Okay. Here’s a question for you.
Does giving people awards – specifically to employees – with no financial or tangible reward attached to it, increase performance levels at work?
Many leaders think such awards are purely “nice thing to do” and minimize using them in their company recognition practices. Similarly, there is very little scientific evidence to support giving a symbolic award alone would actually impact workplace performance.
I mean, can awards really elevate human performance solely on the merits of status and social recognition?
An Experiment with Symbolic Awards
Drs. Michael Kosfeld and Susanne Neckermann believe awards can do just.
Kosfeld and Neckermann reveal some fascinating outcomes from a study they conducted in collaboration with a Swiss international non-governmental organization. Their findings appear in the American Economic Journal: Micro Vol. 3, No. 3, August 2011, called “Getting More Work for Nothing? Symbolic Awards and Worker Performance.”
The set up: Students were hired online without identifying the employer with the task for doing a 2 hour data entry job at acceptable student wage rates. Job required searching the internet and identifying contact information for assigned municipal communities. Wherever possible they were told to locate presidents and administrators of communities to use in communications because leader information generated better donation request rates.
Of course, there were the usual control groups.
For the award treatment groups here’s what happened for them: These students had the managing director explain things ahead of starting work. The said how they would like to reward the two people who put in the most effort with an award and that the database software would indicate these names at the end of the session.
The managing director also explained they would personally congratulate and thank the winners.
Interestingly, students were shown the award prior to commencing work (award was a congratulatory card certificate signed by the organization) to ensure everybody understood the award had no material value.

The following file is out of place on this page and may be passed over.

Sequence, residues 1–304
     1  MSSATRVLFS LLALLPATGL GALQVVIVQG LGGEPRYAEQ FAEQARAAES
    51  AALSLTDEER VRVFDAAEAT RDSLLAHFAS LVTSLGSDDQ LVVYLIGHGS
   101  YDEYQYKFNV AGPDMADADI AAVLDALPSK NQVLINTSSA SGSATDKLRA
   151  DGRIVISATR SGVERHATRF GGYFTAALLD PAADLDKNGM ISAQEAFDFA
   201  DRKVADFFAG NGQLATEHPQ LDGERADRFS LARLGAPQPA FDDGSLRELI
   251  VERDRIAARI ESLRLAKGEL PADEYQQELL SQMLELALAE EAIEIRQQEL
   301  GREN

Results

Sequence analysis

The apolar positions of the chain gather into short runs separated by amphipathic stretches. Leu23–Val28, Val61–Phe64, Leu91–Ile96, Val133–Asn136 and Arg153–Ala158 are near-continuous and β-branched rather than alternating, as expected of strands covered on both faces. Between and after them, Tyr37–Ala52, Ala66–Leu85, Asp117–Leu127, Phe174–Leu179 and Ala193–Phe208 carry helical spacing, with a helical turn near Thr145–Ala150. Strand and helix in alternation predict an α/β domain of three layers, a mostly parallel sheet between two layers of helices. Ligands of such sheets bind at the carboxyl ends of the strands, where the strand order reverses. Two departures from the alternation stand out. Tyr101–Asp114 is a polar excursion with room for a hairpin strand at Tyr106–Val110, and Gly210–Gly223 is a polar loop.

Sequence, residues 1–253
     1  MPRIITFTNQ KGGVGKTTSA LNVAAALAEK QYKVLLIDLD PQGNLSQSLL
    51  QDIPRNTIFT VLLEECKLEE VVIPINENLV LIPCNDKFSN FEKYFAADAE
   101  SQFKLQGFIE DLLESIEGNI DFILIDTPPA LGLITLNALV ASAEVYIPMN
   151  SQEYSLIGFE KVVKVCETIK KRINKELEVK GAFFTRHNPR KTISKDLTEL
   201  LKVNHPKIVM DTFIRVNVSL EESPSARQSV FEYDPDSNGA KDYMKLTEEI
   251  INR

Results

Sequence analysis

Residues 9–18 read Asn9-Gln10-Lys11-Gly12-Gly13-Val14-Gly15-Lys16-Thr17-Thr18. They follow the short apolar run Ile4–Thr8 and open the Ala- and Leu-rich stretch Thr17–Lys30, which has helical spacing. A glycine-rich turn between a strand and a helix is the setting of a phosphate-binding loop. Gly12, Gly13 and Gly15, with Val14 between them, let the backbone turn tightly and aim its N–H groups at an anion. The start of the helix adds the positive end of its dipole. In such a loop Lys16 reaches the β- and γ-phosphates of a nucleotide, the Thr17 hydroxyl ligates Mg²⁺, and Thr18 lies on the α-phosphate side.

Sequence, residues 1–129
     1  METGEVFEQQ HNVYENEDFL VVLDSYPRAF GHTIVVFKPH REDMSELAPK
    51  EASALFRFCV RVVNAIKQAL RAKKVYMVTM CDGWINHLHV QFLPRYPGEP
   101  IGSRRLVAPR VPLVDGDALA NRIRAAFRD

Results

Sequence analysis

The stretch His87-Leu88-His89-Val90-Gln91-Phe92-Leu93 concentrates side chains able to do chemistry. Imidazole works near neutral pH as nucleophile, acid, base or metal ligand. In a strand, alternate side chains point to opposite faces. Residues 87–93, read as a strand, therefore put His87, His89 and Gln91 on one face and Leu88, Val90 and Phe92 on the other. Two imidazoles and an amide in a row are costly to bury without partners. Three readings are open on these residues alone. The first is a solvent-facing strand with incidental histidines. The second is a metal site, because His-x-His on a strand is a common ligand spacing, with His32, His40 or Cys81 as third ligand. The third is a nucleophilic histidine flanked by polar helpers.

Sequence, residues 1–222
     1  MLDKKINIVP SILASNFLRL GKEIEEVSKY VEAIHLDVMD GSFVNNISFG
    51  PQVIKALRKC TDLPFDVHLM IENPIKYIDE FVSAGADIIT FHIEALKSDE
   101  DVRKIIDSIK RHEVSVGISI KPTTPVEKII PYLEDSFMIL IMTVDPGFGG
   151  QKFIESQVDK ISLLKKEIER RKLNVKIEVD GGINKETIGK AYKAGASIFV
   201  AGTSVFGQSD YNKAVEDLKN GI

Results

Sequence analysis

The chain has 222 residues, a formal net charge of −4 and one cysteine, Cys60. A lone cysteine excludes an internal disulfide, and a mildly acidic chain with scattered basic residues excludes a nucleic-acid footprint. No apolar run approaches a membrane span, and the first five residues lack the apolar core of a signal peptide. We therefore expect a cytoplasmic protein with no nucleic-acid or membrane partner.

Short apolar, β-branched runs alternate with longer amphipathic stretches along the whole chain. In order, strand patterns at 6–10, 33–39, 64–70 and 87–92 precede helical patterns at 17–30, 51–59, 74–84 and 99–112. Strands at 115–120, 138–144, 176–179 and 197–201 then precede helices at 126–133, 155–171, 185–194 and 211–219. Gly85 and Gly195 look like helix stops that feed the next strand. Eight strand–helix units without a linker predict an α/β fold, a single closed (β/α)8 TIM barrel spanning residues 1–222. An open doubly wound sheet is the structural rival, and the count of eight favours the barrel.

No money. No gift. No tangible – just a card certificate award.
Outcome of Symbolic Awards
The award from the organization simply stated words of congratulations to the students for their dedication in creating the community database and how it allowed the organization to systematically mail contribution requests to each municipality.
Was there any impact on individual performance?
Results showed students in the award treatment outperformed students in the control treatment by about 12 percent on average – a modest gain. These students were able to enter a higher number of data points for the communities than control group students – especially leader data.
Quantile regression analysis certainly indicated awards had a particularly strong effect on individuals with better than average ability, as they are more likely to actually win the award.
Kosfeld and Neckermann feel this research provides strong evidence for the motivating power of status as well as social recognition in labor relations
Awards do make a difference.
Even without monetary, incentive or tangible association – awards motivate those most able and most motivated. When given by leaders in a genuine and authentic manner awards can impact performance levels.
Why not try giving awards in the real world and let me know the results.
Question: How have you seen giving awards impact performance?
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